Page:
Saskia Willigers (University of Amsterdam)
Reported Narrators in Greek Lyric and Tragic Poetry    

Andreas Serafim (UCL/Cyprus/Open Univ. Cyprus)
τὸν ἀκροατὴν διαθεῖναί πως: the use of the imperative and questions in Attic oratory  

L.W. van Gils (Vrije Universiteit Amsterdam)
Invective Passages in Cicero and Politeness Theory 

15:30    Tea   

16:00    Panel 2   

Thierry Hirsch (Oxford University)
'And I have to say this briefly.' The Language of Persuasion in Cicero's De Inuentione.

William Short (University of Texas, San Antonio)
Can figures of speech persuade? An argument from zeugma.  

17:00        End of panel    

JZ Young lecture theatre in the Anatomy building:

18:30    Keynote lecture: Ineke Sluiter (Leiden University)
Justice, expedience, and the rhetoric of conflict resolution

20:00        Reception (Flaxman Gallery and Portico)

  • Thursday 11/09/14

10:00    Tea/coffee

10:30    Panel 3   

Elizabeth Conner (University of Maryland)
Procopius and Aeneas of Gaza: Recipient Design and Erotic Speech

Antony Smith (Oxford University)
The persuasive strategies of Seneca, De ira

Hany Rashwan (SOAS)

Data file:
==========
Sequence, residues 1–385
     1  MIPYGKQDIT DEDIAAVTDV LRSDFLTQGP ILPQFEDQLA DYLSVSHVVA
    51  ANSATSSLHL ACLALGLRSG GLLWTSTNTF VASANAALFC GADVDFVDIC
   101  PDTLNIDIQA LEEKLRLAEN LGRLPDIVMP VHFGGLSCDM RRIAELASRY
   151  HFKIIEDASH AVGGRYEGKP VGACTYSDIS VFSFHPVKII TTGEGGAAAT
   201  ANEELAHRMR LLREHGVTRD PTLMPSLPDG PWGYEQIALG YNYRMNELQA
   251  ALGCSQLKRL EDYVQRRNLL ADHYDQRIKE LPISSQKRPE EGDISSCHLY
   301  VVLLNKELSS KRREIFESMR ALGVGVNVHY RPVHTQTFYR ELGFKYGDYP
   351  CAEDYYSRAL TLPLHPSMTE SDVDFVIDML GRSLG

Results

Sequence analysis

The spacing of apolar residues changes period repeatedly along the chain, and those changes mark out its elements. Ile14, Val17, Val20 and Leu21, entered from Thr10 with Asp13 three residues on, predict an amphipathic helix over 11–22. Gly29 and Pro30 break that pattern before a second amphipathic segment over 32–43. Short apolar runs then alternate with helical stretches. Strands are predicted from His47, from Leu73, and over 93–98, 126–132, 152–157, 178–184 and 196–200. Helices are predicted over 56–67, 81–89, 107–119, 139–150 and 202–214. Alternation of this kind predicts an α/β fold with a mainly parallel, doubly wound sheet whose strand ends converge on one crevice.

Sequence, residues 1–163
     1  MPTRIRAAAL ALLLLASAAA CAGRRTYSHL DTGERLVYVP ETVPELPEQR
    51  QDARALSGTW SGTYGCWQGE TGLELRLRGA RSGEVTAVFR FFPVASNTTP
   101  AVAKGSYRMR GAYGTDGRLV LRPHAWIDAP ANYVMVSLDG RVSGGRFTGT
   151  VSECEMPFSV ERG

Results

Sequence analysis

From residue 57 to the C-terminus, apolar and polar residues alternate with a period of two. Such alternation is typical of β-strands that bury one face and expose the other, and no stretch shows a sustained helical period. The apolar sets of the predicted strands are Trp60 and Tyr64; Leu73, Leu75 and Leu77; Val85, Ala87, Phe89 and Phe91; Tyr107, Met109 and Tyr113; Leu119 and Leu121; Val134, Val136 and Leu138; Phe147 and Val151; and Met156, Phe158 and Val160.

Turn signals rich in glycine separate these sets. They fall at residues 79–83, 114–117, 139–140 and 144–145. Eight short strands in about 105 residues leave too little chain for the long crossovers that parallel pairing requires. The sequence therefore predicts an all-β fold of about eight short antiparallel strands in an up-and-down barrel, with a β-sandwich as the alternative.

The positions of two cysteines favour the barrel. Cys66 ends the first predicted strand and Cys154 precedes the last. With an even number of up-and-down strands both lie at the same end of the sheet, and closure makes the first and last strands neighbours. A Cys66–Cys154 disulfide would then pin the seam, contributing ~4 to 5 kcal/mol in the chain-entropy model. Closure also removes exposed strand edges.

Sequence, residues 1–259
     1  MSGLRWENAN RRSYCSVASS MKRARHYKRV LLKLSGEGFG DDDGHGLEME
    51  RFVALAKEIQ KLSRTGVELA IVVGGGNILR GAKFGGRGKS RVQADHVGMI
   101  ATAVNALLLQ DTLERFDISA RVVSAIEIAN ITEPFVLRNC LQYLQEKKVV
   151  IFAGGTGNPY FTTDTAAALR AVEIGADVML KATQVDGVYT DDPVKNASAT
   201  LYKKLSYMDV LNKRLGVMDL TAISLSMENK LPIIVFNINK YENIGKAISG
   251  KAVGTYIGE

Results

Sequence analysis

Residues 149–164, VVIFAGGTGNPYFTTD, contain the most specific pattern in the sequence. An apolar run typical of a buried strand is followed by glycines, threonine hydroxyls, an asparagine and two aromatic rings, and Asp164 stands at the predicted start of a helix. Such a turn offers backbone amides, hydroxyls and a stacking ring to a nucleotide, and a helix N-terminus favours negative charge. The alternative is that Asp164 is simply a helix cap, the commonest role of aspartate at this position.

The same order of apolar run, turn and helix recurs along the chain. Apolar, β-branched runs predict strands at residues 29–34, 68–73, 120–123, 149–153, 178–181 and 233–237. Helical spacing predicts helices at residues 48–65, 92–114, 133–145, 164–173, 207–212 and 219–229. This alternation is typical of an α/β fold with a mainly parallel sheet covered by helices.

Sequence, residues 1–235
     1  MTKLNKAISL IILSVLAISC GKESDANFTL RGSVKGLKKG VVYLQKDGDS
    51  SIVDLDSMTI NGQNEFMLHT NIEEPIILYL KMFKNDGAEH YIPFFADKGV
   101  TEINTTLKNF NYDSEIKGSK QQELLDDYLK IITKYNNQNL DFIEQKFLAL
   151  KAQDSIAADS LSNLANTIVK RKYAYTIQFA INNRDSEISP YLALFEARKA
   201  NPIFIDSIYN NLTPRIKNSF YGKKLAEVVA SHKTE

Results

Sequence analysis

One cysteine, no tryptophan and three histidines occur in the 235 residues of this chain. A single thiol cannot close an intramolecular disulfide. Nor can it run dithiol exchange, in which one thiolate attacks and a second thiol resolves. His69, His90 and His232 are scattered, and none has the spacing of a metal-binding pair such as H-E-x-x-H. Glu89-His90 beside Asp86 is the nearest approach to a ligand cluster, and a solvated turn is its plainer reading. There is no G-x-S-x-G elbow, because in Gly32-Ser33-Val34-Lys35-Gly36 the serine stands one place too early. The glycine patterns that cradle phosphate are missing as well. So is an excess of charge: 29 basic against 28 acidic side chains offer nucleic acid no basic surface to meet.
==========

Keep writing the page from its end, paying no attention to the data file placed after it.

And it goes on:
A Critical Response to the misinterpretation of Ancient Egyptian Persuasive Language and its Literary Devices

Michela Piccin (Sapienza University of Rome)
Strategies of Persuasion in Neo-Assyrian Treaties   

12:30    Lunch (Gordon House)

13:30    Panel 4   

Tzu-I Liao (UCL)
Reporting one's own speech: in Demosthenic symbouleutic corpus   

Anna Bonifazi (Heidelberg University)
Persuading with particles: Herodotus, Thucydides, and the doing of saying   

Tobias Reinhardt (Oxford University)
Emphasis - a Figure of Style and its Uses   

15:00    Tea   

15:30    Panel 5 

Brenda Griffith-Williams (UCL)
'If you are persuaded by my opponent, you will have been deceived': the language of 'persuading' and 'deceiving' in the speeches of Isaios.   

Antonio de Cabo (Universidad Complutense de Madrid)
Persuasion in the Corpus Hippocraticum: a syntactic and semantic approach to πείθω and πιστεύω.   

Casper de Jonge (Leiden University)
'He spoke many falsehoods and made them sound true.' Dionysius on persuasive narration in Homer, Herodotus and Lysias   

17:00    End of panel

19:00    Dinner

  • Friday 12/09/14

10:00    Tea/coffee

10:30    Panel 6   

Annemieke Drummen (Heidelberg University)
οὐκ ἔστιν οὐδὲν κτῆμα τιμιώτερον: the linguistic shape of persuasive tragic speeches   

Alessandro Vatri (Oxford University)
The Music of Persuasion: ancient rhetoric and the 'harmony' of Greek speech   

Rutger Allan (Vrije Universiteit Amsterdam)
Persuasion by Immersion. Linguistic and narratological aspects of immersive texts.

12:30    Lunch (Gordon House)

13:30    Panel 7   

Jonathan Powell (RHUL)
Linguistics, Stylistics, or Rhetoric? Rhetorical figures involving word order variations in Latin   

Donna Shalev (Hebrew University of Jerusalem)
How to do (persuasive) things with (ipsissima) verba: Aristotle Rhetoric iii.18 and the medieval Arabic Nachleben   

Stephen Colvin (UCL)
Is Rhetoric prose? Some linguistic considerations.   

15:00    Closing remarks: Chris Carey (UCL)